String Theory: What Banged?
The original expansion of the universe is a major theoretical question for cosmologists, and many are applying the concepts of string theory in attempts to answer it. The big bang theory doesn’t offer any explanation for what started the universe. One controversial conjecture is a cyclic universe model called the ekpyrotic universe theory, which suggests that our own universe is the result of branes colliding with each other.
Well before the introduction of M-theory or brane world scenarios, there was a string theory conjecture of why the universe had the number of dimensions we see: A compact space of nine symmetrical space dimensions began expanding in three of those dimensions. Under this analysis, a universe with three space dimensions (like ours) is the most likely space-time geometry.
In this idea, initially posed in the 1980s by Robert Brandenberger and Cumrun Vafa, the universe began as a tightly wound string with all dimensions symmetrically confined to the Planck length. The strings, in effect, bound the dimensions up to that size.
Brandenberger and Vafa argued that in three or fewer dimensions, it would be likely for the strings to collide with anti-strings. (An anti-string is essentially a string that winds in a direction opposite the string.) The collision annihilates the string which, in turn, unleashes the dimensions it was confining. They thus begin expanding, as in the inflationary and big bang theories.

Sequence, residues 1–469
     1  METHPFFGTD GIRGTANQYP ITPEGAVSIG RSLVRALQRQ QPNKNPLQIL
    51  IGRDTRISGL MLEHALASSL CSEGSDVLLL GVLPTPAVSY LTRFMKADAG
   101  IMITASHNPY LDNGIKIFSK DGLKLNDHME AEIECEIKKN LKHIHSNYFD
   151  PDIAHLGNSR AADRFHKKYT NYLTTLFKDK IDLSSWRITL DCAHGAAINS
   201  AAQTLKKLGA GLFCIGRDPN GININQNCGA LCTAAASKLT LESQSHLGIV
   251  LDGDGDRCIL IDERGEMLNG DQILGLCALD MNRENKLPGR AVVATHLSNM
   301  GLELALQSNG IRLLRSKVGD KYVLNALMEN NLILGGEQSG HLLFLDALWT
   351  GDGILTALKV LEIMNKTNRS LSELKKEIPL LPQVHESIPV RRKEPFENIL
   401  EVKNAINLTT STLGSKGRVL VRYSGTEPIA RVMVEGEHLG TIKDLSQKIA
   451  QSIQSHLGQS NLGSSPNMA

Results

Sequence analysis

Instead of thinking about strings and anti-strings, picture a room that has a bunch of cables attached to random points on the walls. Imagine that the room wants to expand with the walls and floor and ceiling trying to move away from each other — but they can’t because of the cables.
Now imagine that the cables can move, and every time they intersect, they can recombine. Picture two taut cables stretching from the floor to the ceiling that intersect to form a tall, skinny X. They can recombine to become two loose cables — one attached to the floor and one attached to the ceiling.
If these had been the only two cables stretching from floor to ceiling, then after this interaction, the floor and ceiling are free to move apart from each other.
In the Brandenberger and Vafa scenario, this dimension (up-down), as well as two others, are free to grow large. The final step is that in four or more space dimensions, the moving strings will typically never meet. (Think about how points moving in two space dimensions will probably never meet, and the rationale gets extended to higher dimensions.) So this mechanism only works to free three space dimensions from their cables.
In other words, the very geometry of string theory implies that this scenario would lead to us seeing fewer than four space dimensions — dimensions of four or more are less likely to go through the string/anti-string collisions required to liberate them from the tightly bound configuration. The higher dimensions continue to be bound up by the strings at the Planck length and are therefore unseen.
With the inclusion of branes, this picture gets more elaborate and harder to interpret. Research into this approach in recent years hasn’t been reassuring. Many problems arise when scientists try to embed this idea more rigorously into the mathematics of string theory.
Still, this is one of the few explanations of why there are four dimensions that make any sense, so string theorists haven’t completely abandoned it as a possible reason for the big bang.